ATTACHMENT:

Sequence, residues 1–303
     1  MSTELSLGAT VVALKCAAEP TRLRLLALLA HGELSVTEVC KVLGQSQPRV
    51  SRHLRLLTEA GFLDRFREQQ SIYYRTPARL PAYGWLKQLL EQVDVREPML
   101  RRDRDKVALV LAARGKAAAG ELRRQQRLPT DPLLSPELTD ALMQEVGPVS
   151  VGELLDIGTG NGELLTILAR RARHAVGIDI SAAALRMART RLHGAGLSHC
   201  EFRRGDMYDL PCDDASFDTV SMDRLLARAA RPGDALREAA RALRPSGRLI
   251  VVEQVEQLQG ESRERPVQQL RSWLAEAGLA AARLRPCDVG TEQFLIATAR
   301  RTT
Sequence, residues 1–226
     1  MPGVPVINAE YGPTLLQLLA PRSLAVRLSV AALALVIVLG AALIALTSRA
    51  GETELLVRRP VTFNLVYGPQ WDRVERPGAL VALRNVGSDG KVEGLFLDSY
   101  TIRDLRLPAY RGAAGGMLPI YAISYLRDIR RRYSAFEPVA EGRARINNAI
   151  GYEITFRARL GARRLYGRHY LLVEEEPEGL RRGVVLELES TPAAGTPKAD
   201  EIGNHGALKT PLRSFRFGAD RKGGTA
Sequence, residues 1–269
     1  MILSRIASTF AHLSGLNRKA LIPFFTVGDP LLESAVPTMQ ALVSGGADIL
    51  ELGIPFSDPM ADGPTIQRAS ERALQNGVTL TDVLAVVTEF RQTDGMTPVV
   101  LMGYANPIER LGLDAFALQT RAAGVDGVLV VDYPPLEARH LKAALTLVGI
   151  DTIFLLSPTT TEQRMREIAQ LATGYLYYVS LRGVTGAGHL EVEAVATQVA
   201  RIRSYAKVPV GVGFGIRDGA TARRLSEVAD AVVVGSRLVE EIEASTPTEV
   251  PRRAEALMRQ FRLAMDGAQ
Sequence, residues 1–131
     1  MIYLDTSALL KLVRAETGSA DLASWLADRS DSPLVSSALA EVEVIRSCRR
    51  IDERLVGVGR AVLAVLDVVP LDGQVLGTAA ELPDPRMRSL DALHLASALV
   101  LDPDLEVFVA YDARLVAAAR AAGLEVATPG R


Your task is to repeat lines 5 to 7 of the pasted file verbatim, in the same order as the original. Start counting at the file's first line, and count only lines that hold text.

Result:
   151  VGELLDIGTG NGELLTILAR RARHAVGIDI SAAALRMART RLHGAGLSHC
   201  EFRRGDMYDL PCDDASFDTV SMDRLLARAA RPGDALREAA RALRPSGRLI
   251  VVEQVEQLQG ESRERPVQQL RSWLAEAGLA AARLRPCDVG TEQFLIATAR